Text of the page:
I remember when I first heard about computer viruses.
It was the 1980s and I was working for a small software house. Keith, my manager, showed me an article about the new phenomenon, in Computer Weekly magazine. The concept of computer viruses provoked a long and morose conversation about human nature. Why would anyone want to write a program which would damage other people’s computers? We shook our heads sadly and muttered about how it didn’t make any sense.
But time moves on, and now computer viruses are a fact of life. Thanks to various research projects and police investigations, we now have a good idea why they happen. There are three main reasons.
For the challenge – some saddo, or group of saddos, decides to see if they can upset and frustrate innocent members of the public around the world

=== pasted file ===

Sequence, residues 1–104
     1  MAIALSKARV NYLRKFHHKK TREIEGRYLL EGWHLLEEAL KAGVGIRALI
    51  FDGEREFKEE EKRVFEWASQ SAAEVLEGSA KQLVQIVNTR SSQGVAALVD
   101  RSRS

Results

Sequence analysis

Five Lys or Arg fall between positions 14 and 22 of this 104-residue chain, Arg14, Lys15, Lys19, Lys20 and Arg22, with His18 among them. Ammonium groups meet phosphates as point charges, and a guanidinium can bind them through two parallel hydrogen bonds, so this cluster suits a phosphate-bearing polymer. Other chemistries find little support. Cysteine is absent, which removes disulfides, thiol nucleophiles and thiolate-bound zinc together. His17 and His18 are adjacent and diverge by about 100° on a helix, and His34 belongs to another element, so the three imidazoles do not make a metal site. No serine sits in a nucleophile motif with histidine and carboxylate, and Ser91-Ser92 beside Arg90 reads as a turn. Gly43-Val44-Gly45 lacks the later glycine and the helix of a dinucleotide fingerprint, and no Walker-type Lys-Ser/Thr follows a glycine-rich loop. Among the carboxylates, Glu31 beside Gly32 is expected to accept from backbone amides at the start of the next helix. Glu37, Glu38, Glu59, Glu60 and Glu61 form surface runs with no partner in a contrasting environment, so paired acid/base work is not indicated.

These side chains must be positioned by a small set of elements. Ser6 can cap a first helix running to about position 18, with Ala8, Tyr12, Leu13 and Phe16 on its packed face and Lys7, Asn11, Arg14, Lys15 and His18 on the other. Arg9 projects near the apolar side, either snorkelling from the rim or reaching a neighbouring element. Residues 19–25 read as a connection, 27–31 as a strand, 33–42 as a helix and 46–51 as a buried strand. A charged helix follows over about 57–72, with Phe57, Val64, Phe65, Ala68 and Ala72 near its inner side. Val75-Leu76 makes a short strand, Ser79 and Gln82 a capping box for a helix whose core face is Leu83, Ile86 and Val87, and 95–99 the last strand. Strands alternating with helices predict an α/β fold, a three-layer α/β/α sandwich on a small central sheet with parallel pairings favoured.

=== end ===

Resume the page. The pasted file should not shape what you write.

For material gain – sometimes people who have shown that they know how to write and distribute viruses can be offered jobs with anti-virus companies, or even with government agencies – and of course some viruses are direct attempts to extort money
To mess up the competition – viruses can be deliberately unleashed to try to damage the computer systems of a rival organisation, be it another company, or a foreign government. It’s thought that these are becoming more common as time goes on, hence the huge numbers of viruses that originate in Russia or China.